So why A Midsummer Nights Dream?
This is not a secret but I don’t often talk about it, I am dyslexic. This means I have difficulty with reading and writing.
I grew up in a time when dyslexia was not recognised as a “real” learning difficulty by teachers. Instead I was labelled the “slow” child. You know how it is, there’s one in every class, the child that simply couldn’t keep up with the other children and often seemed not to know what was going on.
Words like “moron” and “retard” didn’t really hurt me because honestly I didn’t know what they meant, they were just the way some people referred to me. I was treated as if I was stupid and some teachers even told me I was lazy, not true on both accounts. The problems of my learning difficulties were exasperated by my acute shyness and usual refusal to talk. Being different and slow meant that I was bullied by both teachers and peer group.
Frankly the teachers couldn’t cope with me and I don’t blame them, even in those days large class sizes were common and the curriculum demanded constant achievement.
As a result I was often left in a corner with books, pencils and paper - this suited me fine.
Books and drawing became my fortress walls against those that would hurt or abuse me.
Now try and imagine what it’s like to hold a book and not be able to read it. Most people learn to read so early in their lives that they have forgotten what it’s like before they could read. But I remember life before I could read. Without understanding the words, a book becomes a very special object, a thing of importance within its self. The illustrations were a constant source of wonder and I loved illustrated natural history encyclopaedia or geography books. Its not surprising I spent a great deal of my primary school days drawing pictures.
By the time I finished primary school my drawings were already cause for comment. One teacher accused me of tracing my work as he couldn’t believe that a child he had written off as hopeless could actually be talented.
In secondary school I slowly started to learn to read but was still very far behind my peers. As I approached the “O” level exams my parents appealed to the school for help. At that stage my reading was assessed to be at the age of a 7 year old, but no help came from the school. Instead my parents scraped together the money to pay for private reading lessons - god knows how they did it being working class and with a small army of other children to care for.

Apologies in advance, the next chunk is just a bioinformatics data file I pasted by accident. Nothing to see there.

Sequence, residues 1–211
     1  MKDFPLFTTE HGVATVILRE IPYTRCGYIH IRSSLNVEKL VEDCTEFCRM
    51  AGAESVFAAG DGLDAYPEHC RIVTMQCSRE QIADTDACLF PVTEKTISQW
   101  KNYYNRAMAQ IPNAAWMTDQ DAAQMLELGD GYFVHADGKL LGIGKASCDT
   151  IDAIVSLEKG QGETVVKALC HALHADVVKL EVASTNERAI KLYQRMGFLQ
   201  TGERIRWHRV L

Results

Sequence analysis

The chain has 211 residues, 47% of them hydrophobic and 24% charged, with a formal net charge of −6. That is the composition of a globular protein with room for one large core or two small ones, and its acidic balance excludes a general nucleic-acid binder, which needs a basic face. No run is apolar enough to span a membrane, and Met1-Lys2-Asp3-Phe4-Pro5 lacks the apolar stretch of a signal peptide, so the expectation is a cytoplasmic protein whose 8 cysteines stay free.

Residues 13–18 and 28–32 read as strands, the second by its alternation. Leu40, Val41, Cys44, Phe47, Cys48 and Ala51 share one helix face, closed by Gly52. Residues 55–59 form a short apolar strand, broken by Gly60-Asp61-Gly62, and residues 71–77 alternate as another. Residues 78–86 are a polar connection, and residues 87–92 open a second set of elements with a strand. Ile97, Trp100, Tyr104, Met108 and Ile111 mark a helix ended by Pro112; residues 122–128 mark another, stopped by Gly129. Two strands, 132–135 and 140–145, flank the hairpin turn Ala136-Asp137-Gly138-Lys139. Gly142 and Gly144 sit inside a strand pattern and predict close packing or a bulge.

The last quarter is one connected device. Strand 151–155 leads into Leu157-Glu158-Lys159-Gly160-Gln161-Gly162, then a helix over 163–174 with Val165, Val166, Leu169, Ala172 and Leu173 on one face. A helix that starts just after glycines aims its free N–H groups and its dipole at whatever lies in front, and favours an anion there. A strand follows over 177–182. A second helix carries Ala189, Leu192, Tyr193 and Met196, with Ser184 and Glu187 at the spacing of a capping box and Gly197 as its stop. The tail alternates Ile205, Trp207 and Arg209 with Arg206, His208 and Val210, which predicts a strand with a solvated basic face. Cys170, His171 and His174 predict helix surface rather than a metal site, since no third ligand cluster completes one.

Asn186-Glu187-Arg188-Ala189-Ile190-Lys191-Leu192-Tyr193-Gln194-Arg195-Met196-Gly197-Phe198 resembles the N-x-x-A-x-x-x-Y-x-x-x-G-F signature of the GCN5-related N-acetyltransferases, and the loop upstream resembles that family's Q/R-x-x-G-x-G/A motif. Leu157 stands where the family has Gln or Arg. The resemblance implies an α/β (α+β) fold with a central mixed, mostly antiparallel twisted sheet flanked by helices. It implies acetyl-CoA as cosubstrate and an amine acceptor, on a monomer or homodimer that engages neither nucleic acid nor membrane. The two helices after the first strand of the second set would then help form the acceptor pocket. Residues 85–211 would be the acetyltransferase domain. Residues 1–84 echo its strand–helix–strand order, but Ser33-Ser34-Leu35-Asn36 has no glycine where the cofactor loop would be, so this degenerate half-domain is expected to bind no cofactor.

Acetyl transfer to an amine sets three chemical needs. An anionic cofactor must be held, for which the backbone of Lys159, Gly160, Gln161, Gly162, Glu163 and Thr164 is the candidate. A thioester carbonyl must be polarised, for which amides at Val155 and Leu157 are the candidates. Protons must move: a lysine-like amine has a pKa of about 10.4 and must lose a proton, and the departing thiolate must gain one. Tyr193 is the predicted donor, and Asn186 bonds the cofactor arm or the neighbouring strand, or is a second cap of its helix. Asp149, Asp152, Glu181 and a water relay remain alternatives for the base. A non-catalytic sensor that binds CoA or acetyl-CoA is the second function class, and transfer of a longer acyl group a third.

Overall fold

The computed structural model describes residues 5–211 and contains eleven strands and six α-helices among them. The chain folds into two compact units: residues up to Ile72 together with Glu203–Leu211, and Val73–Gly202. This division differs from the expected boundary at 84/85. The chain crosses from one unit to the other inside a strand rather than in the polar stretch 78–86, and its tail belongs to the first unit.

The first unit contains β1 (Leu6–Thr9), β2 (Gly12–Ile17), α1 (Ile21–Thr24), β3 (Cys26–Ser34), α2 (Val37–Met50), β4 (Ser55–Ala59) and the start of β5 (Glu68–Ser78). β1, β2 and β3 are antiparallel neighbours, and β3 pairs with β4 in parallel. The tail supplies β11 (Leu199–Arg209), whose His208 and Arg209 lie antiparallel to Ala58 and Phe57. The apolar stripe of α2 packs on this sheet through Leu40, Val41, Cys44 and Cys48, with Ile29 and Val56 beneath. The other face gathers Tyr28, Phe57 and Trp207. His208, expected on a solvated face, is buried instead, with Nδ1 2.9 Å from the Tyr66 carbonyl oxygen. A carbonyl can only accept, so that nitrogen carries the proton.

So why am I telling you this tale - not to illicit sympathy but only as a background. It’s important to know that by the time I finally started to read independently (15) my English teacher was introducing us to Shakespeare.
For the first time I was able to appreciate books for the beauty of their language and not just as objects of mystery. I was able to read A Midsummer Nights Dream for myself and it has had a place in my heart ever since.
I currently have four copies of the Dream in the house. The first is the ubiquitous “Complete Works”, bought from a discount book shop printed on tissue thin paper its near impossible to read but every household should have one if only to settle debate about the “to be or not to be” speech.
The second is a modern illustrated children’s version given to me by a beloved sister because she knew I would love the fairies.
The third is a delightful charity shop find, a 1970’s reprint of a much older edition illustrated by the fab Heath-Robinson. Here I put my hand up, Heath-Robinson is one of my all time favourite illustrators and the book is a treasured part of my collection.
Lastly I still have my original school paperback tucked away in the attic with margin notes in my terrible scribbly handwriting.
So when Covid struck and all work was cancelled like so many people I thrashed around for some thing else to occupy my time and stop me from going mad. I now have several personal projects in hand - none of them paid work which is slightly worrying.
No one has commissioned me to illustrate A Midsummer Nights Dream but deep in my heart of hearts I realise its something I must do. If Covid has taught us anything it’s that we can’t put off to tomorrow all our dreams and ambitions - tomorrow might never come.
So this is a really frightening experience as I know very little about designing or publishing a book and if I don’t get it right I might be wasting several years of my life. Although I have illustrated several books for other people, in those cases all the initial decisions were taken for me …….. What size and format is the book? How many pages? How many illustrations? Colour or B&W?
At the moment I don’t know the answer to any of these questions, I’m just going to have to make it up as I go along.
I’m planning to post monthly blogs about the project and if you want to join me for this experience, just follow my twitter account @BHHillustration for updates.
In the meantime I got a bit over excited and created a spot illustration which might or might not make it into the final collection.